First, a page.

It’s a lot of work and time. It requires the effort of many people. The journey for a new commercial product begins probably maybe about 8 or 9 years prior to that point. It takes about 8 to 9 years from the time the breeder initiates that what we call a breeding cross to create a new inbred line to the point where we have that inbred combined with another inbred to create a new commercial product. About 8 to 9 years, each year testing more intensively on the performance of that product, understanding its characteristics and where it does well and areas where we may need to manage attributes or characteristics of the product differently.
At each point along the way, most of the hybrids don’t cut the mustard, as I’d call it and we do need to discard them. Over the course of that eight years, we might start at the beginning of the pipeline with maybe as many as 100,000 different options. Eight years later, we’re down to a mere handful of options but they have been thoroughly tested. Between our research organization, as well as our agronomy organization, we have a deep level of understanding of that product and where it’s going to perform best.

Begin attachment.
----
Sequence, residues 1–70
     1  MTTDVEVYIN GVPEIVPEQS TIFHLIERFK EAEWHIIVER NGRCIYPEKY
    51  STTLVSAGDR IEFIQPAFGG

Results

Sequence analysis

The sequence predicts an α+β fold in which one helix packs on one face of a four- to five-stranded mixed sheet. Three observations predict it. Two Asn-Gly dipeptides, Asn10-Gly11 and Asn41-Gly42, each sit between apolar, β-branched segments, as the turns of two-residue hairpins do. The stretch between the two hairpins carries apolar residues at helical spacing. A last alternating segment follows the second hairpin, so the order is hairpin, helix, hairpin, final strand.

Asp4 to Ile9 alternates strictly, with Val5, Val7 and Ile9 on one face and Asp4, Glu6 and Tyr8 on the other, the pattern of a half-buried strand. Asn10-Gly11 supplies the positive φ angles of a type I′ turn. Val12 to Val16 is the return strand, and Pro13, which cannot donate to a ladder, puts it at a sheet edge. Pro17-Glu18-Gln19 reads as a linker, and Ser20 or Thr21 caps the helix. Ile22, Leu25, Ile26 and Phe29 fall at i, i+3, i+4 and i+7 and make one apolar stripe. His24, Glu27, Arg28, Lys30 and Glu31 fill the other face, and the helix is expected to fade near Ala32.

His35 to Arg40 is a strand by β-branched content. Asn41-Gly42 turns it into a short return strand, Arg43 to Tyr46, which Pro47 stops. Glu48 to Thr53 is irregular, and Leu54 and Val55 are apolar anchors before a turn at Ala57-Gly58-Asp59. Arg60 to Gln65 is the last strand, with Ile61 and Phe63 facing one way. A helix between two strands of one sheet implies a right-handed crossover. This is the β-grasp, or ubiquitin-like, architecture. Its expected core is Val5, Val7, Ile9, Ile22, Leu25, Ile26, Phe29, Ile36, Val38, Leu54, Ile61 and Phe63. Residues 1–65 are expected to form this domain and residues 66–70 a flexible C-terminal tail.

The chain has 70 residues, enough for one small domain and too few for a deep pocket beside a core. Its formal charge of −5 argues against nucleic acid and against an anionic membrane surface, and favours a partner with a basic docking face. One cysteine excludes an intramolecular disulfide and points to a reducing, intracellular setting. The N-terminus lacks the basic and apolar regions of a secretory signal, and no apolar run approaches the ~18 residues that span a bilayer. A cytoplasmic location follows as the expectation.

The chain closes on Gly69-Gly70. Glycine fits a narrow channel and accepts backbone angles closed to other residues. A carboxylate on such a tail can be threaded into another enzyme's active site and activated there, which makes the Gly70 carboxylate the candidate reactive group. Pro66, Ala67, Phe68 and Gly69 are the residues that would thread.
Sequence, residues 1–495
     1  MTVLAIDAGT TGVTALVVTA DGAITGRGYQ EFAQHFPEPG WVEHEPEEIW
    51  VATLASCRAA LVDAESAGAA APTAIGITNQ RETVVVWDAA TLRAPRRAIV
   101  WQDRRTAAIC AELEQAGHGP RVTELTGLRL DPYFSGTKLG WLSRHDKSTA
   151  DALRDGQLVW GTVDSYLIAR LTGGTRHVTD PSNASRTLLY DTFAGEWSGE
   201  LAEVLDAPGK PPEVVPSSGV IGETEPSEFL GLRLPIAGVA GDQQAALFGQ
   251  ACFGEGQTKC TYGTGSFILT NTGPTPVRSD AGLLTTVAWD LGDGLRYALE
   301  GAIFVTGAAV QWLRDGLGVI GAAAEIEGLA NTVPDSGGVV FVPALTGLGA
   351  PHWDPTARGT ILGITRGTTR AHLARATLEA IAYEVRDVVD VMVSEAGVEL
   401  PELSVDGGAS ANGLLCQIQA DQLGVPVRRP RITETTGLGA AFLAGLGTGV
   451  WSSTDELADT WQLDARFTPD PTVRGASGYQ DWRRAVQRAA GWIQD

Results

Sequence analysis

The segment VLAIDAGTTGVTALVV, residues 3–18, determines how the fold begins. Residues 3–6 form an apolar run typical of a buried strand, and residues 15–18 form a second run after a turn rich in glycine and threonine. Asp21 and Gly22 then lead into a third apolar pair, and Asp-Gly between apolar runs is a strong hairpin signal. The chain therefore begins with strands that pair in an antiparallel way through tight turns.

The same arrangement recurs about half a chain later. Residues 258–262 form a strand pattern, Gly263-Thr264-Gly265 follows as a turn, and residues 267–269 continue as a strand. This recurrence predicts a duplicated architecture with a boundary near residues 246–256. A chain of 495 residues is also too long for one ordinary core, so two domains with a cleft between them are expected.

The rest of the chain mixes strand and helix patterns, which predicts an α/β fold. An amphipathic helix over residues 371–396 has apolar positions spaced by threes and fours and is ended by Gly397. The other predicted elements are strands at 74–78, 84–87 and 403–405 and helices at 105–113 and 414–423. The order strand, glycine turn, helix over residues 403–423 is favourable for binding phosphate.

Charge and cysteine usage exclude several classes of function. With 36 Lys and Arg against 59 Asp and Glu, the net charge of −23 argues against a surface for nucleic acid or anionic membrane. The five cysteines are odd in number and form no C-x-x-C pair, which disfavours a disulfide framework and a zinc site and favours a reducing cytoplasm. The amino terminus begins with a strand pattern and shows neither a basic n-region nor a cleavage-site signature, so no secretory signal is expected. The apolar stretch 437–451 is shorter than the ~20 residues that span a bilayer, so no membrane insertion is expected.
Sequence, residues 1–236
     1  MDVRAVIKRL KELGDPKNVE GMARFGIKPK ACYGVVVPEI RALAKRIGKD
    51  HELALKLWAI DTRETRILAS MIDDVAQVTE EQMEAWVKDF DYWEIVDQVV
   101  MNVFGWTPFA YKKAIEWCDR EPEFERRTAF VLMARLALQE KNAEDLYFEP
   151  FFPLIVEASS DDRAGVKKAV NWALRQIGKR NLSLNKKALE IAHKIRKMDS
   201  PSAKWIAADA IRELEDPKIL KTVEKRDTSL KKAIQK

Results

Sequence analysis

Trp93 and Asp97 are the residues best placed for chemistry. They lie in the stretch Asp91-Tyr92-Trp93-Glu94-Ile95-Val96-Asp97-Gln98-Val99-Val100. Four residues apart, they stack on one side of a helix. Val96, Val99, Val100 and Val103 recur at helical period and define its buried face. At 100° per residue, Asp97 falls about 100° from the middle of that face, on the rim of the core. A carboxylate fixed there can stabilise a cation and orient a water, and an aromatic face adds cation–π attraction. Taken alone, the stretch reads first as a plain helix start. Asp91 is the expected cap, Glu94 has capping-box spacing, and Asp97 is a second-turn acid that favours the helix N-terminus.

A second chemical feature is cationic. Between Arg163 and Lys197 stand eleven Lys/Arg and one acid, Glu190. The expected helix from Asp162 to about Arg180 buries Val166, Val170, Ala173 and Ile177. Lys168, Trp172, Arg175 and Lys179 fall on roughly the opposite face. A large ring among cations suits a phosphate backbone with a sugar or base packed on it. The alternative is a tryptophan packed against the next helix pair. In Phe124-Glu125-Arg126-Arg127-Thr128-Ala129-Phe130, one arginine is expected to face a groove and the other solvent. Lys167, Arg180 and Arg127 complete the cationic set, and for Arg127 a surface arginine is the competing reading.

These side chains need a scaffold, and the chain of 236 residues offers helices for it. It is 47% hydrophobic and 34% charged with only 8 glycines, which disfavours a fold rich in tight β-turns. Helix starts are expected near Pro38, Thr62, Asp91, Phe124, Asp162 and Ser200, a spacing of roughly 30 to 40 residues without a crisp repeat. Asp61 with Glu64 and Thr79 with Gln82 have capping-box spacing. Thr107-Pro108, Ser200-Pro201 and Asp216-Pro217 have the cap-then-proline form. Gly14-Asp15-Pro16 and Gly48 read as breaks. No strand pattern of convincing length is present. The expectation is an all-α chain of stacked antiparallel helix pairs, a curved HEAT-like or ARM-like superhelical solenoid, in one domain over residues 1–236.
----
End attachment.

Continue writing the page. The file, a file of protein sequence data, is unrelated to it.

I do appreciate coming from the agronomy team and agronomist’s side, we do get to watch some of these products before they go to a farmer’s field so when they do get a number on it, we’ve got a good understanding. Yes, it might be a good hybrid but some characteristics where it needs to be placed. That’s where our teamwork is strongly hand-in-hand with farmers, with their PAT pots or even with some of the PCRs out there and fine-tuning where it needs to go. Honestly, I’ve seen awesome hybrids come out of breeding programs and plots but if they’re placed wrong, we can see a lot of challenges with it and it might scare farmer offering from utilizing in the future. That’s where I appreciate AgReliant allows us to be a part of that process to help that placement recommendation at the end of the day.